The recent increase in corporation tax rates has left many business owners contemplating ways to minimise their taxable profits. One potential solution worth considering is making pension contributions. Not only can this help you plan for your own retirement, but it can also reduce your corporation tax liability.
However, to make well-informed decisions about your pension contributions, it is important to review the recent changes in the UK pension system. In this article, we will provide a summary of the pension reforms introduced after the spring budget of 2023. Understanding these changes will assist you in navigating the landscape and optimising your pension planning.
Contributions to Pensions For business owners
Making pension contributions through the company’s employer scheme is an effective and tax-efficient way to build retirement savings while simultaneously lowering the corporation tax liability. As an illustration, a £50,000 pension contribution would reduce the corporation tax by £12,500 for companies taxed at a rate of 25%.
The annual allowance sets a limit on the amount of money you can accumulate in your pension tax-free within a single tax year while still benefiting from tax relief. You can also carry forward any unused allowances from the previous three tax years. Starting from April 6, 2023, the standard annual allowance will increase from £40,000 to £60,000.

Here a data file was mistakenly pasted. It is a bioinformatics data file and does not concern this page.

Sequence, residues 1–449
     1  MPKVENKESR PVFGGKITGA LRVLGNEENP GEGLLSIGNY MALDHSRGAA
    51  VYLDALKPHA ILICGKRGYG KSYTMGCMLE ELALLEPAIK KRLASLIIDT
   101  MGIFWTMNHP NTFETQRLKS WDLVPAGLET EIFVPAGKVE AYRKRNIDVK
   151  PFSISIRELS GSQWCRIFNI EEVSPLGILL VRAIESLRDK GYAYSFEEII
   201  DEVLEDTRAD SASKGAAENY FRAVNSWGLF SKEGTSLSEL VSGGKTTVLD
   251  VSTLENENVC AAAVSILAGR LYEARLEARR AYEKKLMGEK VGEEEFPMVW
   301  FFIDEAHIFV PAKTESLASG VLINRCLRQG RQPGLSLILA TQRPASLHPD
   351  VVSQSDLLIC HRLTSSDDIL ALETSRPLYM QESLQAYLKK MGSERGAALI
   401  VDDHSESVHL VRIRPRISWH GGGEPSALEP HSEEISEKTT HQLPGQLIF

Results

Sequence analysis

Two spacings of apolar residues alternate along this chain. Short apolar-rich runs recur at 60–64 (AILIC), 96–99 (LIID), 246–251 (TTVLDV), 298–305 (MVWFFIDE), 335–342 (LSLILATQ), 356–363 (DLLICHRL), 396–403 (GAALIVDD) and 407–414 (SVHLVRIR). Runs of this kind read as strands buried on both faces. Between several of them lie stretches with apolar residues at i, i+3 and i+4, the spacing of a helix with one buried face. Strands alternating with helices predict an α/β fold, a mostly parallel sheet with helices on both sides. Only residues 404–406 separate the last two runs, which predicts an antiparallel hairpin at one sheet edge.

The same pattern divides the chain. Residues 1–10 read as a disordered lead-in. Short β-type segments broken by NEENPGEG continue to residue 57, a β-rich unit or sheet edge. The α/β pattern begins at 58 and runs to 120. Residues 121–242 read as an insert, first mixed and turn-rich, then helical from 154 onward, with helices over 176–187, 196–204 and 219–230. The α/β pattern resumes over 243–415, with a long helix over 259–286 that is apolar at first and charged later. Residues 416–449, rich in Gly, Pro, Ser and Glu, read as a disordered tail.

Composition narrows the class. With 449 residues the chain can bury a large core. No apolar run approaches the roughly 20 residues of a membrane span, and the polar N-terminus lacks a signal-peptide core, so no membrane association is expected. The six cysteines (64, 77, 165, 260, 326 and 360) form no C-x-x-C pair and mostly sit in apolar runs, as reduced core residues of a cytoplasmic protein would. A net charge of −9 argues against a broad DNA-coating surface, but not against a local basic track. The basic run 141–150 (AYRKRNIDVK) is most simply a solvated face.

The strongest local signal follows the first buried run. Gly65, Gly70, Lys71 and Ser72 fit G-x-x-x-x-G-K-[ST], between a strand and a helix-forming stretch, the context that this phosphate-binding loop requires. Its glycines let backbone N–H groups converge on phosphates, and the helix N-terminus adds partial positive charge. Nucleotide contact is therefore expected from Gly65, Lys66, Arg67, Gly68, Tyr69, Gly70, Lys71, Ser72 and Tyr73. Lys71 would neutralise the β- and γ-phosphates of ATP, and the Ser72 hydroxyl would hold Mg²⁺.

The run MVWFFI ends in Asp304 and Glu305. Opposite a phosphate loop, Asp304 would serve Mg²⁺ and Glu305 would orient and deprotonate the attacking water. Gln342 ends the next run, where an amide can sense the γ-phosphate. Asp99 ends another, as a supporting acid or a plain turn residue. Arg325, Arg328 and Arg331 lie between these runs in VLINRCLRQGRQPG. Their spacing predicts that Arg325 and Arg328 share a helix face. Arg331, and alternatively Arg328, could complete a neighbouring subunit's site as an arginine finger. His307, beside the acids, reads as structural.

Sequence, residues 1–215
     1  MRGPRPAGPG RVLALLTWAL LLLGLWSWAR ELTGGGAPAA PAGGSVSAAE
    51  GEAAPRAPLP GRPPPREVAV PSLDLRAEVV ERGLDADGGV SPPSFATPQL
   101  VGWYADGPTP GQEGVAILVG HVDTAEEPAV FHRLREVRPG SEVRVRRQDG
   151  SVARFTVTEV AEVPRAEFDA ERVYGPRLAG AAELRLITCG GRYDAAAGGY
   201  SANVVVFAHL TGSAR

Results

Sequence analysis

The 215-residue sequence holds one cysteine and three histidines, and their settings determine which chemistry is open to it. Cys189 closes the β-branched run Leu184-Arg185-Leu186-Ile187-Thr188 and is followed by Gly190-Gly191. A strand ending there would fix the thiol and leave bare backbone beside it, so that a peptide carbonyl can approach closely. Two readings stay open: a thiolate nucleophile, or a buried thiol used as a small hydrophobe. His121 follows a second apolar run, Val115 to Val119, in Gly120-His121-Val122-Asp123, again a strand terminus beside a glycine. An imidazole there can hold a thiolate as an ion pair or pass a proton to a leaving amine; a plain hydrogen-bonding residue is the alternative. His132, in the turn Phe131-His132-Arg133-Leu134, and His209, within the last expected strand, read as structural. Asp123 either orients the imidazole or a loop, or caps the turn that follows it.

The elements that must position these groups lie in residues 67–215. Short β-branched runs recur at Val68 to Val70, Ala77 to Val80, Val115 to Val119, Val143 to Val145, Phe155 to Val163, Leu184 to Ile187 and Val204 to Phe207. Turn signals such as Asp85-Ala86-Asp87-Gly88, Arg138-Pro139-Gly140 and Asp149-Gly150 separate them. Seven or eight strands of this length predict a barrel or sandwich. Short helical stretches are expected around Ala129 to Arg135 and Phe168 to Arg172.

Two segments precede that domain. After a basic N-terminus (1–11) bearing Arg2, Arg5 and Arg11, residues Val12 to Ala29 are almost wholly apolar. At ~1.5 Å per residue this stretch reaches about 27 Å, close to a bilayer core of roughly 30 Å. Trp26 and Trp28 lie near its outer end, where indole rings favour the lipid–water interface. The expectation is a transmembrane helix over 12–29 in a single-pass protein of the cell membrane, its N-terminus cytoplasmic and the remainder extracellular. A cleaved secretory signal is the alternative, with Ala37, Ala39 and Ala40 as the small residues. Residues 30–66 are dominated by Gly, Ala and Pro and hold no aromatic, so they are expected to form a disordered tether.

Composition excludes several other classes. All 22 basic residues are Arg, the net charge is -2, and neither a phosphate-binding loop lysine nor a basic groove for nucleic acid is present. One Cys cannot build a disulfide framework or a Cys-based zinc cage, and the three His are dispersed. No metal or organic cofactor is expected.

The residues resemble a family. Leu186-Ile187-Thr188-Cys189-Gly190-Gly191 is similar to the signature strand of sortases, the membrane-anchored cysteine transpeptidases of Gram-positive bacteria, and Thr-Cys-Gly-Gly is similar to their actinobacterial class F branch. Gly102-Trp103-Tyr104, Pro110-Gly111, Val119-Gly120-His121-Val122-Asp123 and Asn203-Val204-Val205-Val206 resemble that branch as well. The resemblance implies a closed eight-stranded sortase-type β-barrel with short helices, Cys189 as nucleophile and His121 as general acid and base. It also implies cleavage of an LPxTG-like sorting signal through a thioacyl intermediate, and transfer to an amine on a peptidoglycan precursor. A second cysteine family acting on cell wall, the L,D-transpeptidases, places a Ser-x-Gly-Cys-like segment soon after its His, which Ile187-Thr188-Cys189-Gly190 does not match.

For individuals with an ‘adjusted income’ exceeding £260,000, the standard annual allowance gradually reduces by £1 for every £2 of adjusted income above £260,000. The minimum tapered allowance is £10,000, meaning individuals with adjusted income of £360,000 or more will have an annual allowance of £10,000.
The lifetime allowance represents the maximum amount of pension savings an individual can accumulate during their lifetime without incurring a tax charge. The UK government sets this limit to prevent abuse of the tax relief provided to pension savers.
Previously, the lifetime allowance stood at £1,073,100 until April 2023. If your pension savings exceed the lifetime allowance, you may be subject to a tax charge. The charge can take the form of a lump sum or an ongoing tax charge, depending on how you choose to receive your benefits. The tax charge can reach up to 55% of the excess amount over the lifetime allowance.
As announced in the recent budget, the lifetime allowance has now been abolished.
This article provides general information on pensions and their tax implications. For specific advice regarding your pension savings and investments, please consult a financial advisor.